Text description provided by the architects. The chapel is covered with transparent carvings. What is drawn is the forest of Niijima. In the late Edo period, Joseph Hardy Niijima, who violated the ban and went to the United States, studied Christianity and returned to Japan to teach in his hometown of Annaka. It is well known that Joseph Hardy Niijima then traveled further to Kansai and founded Doshisha University. After more than 70 years of relaxation, the seeds sown in Annaka grew up as a budding forest at the present Niijima Academy.
Niijima Junior College is the youngest forest grown from the seeds sown by Joseph Hardy Niijima. The imagery of the forest drawn on the 56 meters wide wall does not exist in real life. The forest is denser towards the east and west direction and brightly opens up toward the south. In reference to the garden of Eden in the Book of Genesis, I drew a scene from the deep dark forests to a brightly lit field where there is ample of light. This is the path followed by Adam and Eve, who were exiled because they ate the fruit of wisdom. Expulsion from the garden of Eden is not only a tragedy but also the beginning of civilization. Similar to Adam and Eve, students will set out to face the harsh real world once they graduate from the protective educational Niijima garden.
In a metaphorical sense, the design of the walls encapsulating Niijima Chapel derived from the idea of the forest. The existence of this forest could be biblically referred to as the Garden of Eden.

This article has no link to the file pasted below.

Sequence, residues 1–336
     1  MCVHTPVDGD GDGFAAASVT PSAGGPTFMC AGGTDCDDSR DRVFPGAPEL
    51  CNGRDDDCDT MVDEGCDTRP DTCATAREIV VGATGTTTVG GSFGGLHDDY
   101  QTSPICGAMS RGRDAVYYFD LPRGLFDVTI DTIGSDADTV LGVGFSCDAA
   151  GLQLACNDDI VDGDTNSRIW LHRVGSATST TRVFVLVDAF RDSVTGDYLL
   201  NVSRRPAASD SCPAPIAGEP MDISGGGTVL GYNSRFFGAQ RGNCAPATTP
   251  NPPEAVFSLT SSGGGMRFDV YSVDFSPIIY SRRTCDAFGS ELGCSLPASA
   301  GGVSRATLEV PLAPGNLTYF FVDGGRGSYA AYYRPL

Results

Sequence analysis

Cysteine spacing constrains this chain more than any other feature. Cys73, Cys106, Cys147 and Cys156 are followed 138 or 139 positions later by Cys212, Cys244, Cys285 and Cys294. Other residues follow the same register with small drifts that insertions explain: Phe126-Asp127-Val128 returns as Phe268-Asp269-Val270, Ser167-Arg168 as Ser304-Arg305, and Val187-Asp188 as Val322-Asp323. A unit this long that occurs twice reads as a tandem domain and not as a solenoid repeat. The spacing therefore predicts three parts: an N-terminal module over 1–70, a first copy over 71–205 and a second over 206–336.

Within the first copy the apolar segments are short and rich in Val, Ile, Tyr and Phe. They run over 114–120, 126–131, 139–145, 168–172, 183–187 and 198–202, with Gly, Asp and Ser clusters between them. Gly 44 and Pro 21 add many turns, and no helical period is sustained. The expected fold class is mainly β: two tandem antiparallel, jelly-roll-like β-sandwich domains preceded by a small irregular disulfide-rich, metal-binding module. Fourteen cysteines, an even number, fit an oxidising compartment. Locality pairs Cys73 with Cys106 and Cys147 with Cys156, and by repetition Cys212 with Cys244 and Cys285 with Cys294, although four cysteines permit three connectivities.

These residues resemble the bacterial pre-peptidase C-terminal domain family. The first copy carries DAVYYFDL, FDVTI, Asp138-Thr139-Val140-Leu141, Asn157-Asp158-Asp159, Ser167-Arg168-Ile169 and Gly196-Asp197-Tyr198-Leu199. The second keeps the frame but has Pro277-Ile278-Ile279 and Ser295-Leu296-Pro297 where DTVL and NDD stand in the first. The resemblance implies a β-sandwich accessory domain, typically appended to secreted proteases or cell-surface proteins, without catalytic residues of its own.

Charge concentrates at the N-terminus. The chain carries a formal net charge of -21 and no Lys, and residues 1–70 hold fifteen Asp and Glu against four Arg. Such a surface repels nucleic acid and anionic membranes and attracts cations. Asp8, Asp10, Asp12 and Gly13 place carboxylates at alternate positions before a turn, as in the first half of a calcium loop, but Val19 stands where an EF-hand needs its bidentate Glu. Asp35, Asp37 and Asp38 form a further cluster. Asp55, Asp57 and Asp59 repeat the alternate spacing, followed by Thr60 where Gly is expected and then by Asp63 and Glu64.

The drawing on the screen is an imaginary forest that took six months to accurately depict the scene reflected in my mind. Therefore, there are no original pictures or references. The drawing is made up of a multitude of hexagonal squares. Natural light passing through the minuscule holes is diffracted and diffuses softly towards the interior, which closely mimics the actual sunlight filtering through the trees. The sunrays that fill up the space engulf everything inside, erasing reality, and luring people into an endless kaleidoscope.
The plan of the chapel consists of a nave and aisle layout as seen in traditional chapels. The design of the nave creates depth within the inner chapel through its Vierendeel structural system. Made out of genuine timber, small angled braces are situated randomly within the structural grid which acts as a soft mesh structure in order to absorb and dissipate vibrations during an earthquake.
It is rather uncommon for an architect to ornament the walls just as how a painter paints a canvas in recent years. However, ornaments used to play an important role as a form of cultural expression. In this sense, there should not be a differentiation between an architect and an artist. Therefore, Niijima Chapel is an attempt to revitalize this lost methodology in Architecture.